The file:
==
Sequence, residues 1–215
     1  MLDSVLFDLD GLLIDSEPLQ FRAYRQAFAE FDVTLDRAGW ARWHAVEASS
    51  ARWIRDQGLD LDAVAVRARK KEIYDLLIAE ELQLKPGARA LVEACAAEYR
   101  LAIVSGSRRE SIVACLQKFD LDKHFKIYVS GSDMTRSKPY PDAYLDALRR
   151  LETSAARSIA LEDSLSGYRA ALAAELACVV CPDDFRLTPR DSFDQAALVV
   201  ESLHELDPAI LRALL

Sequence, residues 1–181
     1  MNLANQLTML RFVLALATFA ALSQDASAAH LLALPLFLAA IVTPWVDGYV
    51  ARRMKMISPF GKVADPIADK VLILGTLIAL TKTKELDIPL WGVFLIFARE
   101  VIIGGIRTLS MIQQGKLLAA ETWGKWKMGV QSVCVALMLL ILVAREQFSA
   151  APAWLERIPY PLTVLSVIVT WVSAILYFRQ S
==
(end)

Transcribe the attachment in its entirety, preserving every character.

Sequence, residues 1–215
     1  MLDSVLFDLD GLLIDSEPLQ FRAYRQAFAE FDVTLDRAGW ARWHAVEASS
    51  ARWIRDQGLD LDAVAVRARK KEIYDLLIAE ELQLKPGARA LVEACAAEYR
   101  LAIVSGSRRE SIVACLQKFD LDKHFKIYVS GSDMTRSKPY PDAYLDALRR
   151  LETSAARSIA LEDSLSGYRA ALAAELACVV CPDDFRLTPR DSFDQAALVV
   201  ESLHELDPAI LRALL

Sequence, residues 1–181
     1  MNLANQLTML RFVLALATFA ALSQDASAAH LLALPLFLAA IVTPWVDGYV
    51  ARRMKMISPF GKVADPIADK VLILGTLIAL TKTKELDIPL WGVFLIFARE
   101  VIIGGIRTLS MIQQGKLLAA ETWGKWKMGV QSVCVALMLL ILVAREQFSA
   151  APAWLERIPY PLTVLSVIVT WVSAILYFRQ S